Gasping for breath, soaked with sweat, and falling through the air at about 25 miles per hour, time slowed as I braced for a crash. The large snowbank in my flight path would at least dampen the fall, I thought, tensing up for impact as my bike tumbled behind in the snow.
It was near the start of the On-Snow Bike Crit, an intense, 35-minute race that was a part of the Winter Teva Mountain Games held in Vail, Colo., earlier this month. I hadn’t raced a mountain bike in years, and never before had I pedaled on snow. I signed up for the Crit on a whim, hoping sheer will could get me through.
Smash! My body rocked into the snow as the Surly Moonlander bike I’d demo’d for the race continued on down the hill. Somehow nothing was hurt but my pride, so I scampered back onto the bike and into the fray.
Of the 51 racers in the Crit, about half were on “fat bikes” like the Moonlander. Surly’s Pugsley, Salsa’s Mukluk, and other makes were rolling around the steep, sharp-cornered course.
Fat bikes make riding or racing on snow not just possible but downright enjoyable. While I was a complete newbie to the sport I was still grinning like the village idiot as I pedaled, pushed and crashed my way around a treacherous course. With its downright obese 4.7-inch-wide tires, the Moonlander offered insane traction and better “float” in the snow than almost imaginable.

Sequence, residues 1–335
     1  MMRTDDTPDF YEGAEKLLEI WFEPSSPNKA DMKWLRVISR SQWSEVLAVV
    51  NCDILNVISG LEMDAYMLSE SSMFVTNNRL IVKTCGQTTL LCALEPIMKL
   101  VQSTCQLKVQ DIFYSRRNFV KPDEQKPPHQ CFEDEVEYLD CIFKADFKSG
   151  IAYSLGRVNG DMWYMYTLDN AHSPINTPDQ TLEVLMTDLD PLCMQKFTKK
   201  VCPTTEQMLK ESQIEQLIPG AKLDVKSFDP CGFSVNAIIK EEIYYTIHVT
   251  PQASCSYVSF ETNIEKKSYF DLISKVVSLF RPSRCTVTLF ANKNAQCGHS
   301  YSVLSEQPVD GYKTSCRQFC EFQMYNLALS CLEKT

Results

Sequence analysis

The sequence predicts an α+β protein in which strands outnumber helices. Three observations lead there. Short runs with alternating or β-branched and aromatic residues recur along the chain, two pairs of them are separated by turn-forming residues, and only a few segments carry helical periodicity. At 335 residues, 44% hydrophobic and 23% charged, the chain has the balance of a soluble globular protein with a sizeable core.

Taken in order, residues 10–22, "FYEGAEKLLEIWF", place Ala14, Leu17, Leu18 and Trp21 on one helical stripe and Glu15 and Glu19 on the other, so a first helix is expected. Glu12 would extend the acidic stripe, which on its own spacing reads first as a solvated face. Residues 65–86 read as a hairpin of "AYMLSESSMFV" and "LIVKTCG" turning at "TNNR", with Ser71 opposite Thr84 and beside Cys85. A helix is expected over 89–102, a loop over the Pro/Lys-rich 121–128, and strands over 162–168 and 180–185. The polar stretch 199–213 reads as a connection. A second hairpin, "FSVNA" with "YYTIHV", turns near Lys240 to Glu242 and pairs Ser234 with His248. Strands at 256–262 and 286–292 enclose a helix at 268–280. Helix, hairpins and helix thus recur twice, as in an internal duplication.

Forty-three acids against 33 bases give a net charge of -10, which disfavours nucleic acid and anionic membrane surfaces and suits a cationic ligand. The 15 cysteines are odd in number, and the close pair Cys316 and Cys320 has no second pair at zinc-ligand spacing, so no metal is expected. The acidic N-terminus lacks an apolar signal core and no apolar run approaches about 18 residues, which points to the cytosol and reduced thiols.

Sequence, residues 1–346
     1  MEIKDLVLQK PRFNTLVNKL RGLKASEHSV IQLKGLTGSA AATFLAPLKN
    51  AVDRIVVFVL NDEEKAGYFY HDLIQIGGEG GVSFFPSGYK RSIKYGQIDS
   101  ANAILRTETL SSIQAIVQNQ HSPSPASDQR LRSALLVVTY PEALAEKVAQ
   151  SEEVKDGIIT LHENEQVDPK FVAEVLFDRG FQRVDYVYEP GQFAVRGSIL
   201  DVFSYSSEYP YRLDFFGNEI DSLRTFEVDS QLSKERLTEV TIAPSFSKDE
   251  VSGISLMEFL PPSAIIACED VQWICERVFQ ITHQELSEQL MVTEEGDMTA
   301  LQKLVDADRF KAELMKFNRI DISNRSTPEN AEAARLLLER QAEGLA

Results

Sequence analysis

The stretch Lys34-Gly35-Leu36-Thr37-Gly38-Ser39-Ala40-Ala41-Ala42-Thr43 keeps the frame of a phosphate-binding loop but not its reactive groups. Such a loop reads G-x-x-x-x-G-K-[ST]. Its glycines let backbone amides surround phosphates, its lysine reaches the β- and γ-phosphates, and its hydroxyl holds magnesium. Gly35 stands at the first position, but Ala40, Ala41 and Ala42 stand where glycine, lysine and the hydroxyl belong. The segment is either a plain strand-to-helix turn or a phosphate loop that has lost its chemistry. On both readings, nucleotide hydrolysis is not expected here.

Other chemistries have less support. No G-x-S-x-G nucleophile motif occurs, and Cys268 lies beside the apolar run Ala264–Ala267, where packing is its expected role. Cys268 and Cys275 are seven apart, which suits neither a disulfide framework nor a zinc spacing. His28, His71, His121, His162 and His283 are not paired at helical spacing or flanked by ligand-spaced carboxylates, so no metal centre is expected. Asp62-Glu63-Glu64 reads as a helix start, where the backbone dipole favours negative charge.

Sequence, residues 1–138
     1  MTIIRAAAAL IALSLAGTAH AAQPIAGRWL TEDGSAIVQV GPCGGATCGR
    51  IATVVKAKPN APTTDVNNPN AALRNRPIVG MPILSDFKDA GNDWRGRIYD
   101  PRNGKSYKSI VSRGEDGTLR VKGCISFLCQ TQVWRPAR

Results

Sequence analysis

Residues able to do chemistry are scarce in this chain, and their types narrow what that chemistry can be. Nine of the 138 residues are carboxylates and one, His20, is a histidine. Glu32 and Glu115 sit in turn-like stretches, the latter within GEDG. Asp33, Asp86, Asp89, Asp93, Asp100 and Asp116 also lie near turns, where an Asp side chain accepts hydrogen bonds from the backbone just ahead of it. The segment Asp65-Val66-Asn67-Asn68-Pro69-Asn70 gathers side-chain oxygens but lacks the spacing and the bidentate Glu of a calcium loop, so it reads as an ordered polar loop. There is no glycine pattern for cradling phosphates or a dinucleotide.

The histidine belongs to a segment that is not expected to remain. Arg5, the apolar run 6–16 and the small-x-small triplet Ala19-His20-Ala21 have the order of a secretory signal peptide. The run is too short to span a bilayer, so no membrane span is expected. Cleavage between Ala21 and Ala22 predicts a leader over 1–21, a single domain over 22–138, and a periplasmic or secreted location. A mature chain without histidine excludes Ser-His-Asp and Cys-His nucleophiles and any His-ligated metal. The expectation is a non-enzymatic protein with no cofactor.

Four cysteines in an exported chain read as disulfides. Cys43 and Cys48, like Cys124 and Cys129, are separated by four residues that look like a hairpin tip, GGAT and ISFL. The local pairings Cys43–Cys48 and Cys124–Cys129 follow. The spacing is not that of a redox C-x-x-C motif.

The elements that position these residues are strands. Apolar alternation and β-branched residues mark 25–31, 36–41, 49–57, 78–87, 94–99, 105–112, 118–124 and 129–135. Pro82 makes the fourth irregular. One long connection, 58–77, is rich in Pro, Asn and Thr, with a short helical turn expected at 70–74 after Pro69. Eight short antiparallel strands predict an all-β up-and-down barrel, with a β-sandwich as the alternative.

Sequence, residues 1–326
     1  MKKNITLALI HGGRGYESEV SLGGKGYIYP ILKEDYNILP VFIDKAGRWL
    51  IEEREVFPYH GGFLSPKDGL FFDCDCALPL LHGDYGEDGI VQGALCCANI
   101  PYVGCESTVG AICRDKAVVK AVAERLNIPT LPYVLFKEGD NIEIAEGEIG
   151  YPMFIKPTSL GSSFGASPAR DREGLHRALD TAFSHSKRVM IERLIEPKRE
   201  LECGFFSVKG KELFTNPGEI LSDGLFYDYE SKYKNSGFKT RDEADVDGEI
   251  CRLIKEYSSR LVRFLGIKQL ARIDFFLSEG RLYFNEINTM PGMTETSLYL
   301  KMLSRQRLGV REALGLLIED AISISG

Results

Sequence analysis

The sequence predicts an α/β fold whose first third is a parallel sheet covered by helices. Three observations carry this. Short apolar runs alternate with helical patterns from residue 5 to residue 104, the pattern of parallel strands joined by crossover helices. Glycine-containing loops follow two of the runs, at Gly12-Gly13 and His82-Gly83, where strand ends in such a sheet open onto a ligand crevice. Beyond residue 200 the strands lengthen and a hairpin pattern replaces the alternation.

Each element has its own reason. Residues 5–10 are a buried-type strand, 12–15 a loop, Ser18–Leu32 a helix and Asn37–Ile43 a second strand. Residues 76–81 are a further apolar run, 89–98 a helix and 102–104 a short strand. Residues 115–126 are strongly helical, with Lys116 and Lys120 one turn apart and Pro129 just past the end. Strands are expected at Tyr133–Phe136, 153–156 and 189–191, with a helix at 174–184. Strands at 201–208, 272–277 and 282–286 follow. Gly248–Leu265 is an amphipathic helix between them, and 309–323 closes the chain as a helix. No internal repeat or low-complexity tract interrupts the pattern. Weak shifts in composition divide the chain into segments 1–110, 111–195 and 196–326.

The Crit had one long hill on its course, and riders had to attack it again and again as they made the loop. As racers on traditional mountain bikes spun their tires and were forced to walk, I was thrilled to find the Moonlander gripping the snow instead of fruitlessly digging in.
Another part of the course gave lots of riders fits as their tires skittered out from under them. But the Moonlander made it look easy — no slipping, and a clean pedal past the struggling skinny-tire racers.
The bike handled the course’s ice and sloppy, soft powder on a downhill section well. I did take two glorious falls, but asking any bicycle to handle that course was a lot, and rider error was heavily at hand.
But for the most part, I was able to keep the bike upright and rolling efficiently through the rutted and challenging line, all while moving in excess of 20 miles per hour.
By the end, I’d been lapped by the tops guys more than once, and my finishing time was near the bottom of the pack. But the Teva Games race featured a strong field, and I was happy with my performance, and even more impressed with the bike.
Most all of the best riders in the Crit were on fatties, and snow bikes (fat bikes, if you want to call ‘em that) are likely here to stay.
—Sean McCoy is a contributing writer. He covered the Winter Teva Mountain Games live from Vail. See reports on Day One and Day Two of the weekend-long Games, as well as an intro to the Games here.